Kwanzaa, the Festival of First Fruits, is a celebration of family, community, culture and values of traditional African culture. It was founded in 1966 by Dr. Maulana Karenga as an African American and Pan-African holiday.

At the first Kwanzaa celebration the letter “a” was added to the end of the Swahili word kwanza, enabling seven children to participate in the meaning of the seven principles of Kwanzaa.

Celebrated by millions throughout the world African community, Kwanzaa brings a cultural message which speaks to the best of what it means to be African, African American and human in the fullest sense. The seven-day celebration is observed from Dec. 26 to Jan. 1.

The Kwanzaa ceremony is secular, not religious, and aims to strengthen the African cultural identity and community values which provide a spiritual experience, engaging in an ancient and living cultural tradition. The ceremony reflects the best of African thought and practice in its reaffirmation of the dignity of the human person in community, culture and the well-being of family. The integrity of the environment and our kinship with it, the rich resource and meaning of a people’s culture is part of this celebration. It is within this understanding that Kwanzaa is the keeper of this tradition.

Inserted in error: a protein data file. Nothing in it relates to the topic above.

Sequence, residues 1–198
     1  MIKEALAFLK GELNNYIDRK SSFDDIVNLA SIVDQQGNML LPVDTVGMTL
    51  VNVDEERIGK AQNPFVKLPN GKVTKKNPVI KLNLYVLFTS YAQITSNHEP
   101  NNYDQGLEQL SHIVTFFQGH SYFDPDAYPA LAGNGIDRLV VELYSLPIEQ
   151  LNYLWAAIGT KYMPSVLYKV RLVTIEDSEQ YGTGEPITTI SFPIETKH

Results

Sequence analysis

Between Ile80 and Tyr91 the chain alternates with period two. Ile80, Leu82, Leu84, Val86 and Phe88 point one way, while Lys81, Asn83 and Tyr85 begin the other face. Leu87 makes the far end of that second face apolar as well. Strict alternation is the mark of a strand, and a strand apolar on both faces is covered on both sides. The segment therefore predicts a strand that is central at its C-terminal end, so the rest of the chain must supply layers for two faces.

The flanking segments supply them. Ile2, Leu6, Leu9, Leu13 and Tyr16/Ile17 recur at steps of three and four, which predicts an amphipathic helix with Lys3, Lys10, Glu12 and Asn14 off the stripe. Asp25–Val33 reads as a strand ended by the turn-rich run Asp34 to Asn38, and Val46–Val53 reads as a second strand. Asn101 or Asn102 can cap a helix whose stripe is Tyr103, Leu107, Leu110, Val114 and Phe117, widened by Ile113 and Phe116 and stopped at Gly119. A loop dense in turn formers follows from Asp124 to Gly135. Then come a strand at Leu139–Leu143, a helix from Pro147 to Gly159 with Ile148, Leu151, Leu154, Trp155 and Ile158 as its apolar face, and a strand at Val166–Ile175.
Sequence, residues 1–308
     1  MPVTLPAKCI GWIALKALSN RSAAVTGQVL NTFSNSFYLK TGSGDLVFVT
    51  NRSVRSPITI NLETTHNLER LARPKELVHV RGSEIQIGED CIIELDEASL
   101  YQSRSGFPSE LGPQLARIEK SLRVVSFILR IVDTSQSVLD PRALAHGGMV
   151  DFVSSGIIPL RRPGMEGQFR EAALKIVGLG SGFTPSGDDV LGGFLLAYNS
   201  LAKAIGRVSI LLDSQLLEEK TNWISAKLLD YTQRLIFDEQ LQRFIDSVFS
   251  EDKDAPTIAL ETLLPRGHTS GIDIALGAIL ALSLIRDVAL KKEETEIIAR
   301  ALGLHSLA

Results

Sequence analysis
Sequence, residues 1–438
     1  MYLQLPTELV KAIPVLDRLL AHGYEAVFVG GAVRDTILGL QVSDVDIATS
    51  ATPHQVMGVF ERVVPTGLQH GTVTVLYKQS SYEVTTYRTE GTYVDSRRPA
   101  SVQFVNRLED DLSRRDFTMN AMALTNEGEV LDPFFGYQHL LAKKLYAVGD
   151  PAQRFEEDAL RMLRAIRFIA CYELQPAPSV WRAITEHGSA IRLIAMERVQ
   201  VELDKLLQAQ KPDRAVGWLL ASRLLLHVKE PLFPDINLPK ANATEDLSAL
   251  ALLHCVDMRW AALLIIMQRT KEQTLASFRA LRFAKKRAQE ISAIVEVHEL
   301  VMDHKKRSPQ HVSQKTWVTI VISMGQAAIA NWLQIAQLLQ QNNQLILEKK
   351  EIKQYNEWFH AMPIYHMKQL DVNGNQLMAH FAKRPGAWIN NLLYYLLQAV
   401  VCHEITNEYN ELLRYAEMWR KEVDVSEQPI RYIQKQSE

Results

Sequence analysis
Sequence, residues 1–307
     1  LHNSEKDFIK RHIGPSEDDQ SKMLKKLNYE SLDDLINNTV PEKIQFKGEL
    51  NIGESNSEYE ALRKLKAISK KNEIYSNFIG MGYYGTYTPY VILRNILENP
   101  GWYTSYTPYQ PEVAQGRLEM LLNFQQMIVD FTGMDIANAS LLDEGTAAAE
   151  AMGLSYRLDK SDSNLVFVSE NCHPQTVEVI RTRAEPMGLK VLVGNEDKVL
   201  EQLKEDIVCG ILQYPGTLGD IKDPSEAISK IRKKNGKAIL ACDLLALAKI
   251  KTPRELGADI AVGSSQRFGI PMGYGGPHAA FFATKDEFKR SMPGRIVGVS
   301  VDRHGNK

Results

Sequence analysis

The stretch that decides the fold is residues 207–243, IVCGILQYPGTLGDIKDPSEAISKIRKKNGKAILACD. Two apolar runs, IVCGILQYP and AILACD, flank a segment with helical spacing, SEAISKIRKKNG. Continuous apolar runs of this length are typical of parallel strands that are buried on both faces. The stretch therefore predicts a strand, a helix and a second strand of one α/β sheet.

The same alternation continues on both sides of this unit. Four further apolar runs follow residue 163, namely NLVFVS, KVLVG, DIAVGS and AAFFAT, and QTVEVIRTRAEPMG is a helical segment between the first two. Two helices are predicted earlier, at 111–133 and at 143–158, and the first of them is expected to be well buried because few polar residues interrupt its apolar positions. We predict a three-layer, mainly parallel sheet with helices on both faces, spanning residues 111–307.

Kwanzaa is important to reaffirm the essential meaning and practice of the Nguzo Saba (the seven principles) daily and throughout the year in a constant effort to expand and enrich our lives and share the good in the world.

The seven days, expressed in Swahili, are: Umoja (unity), Kujichagulia (self-determination), Ujima (collective work and responsibility), Ujamaa (cooperative economics), Nia (purpose), Kuumba (creativity), and Imani (faith).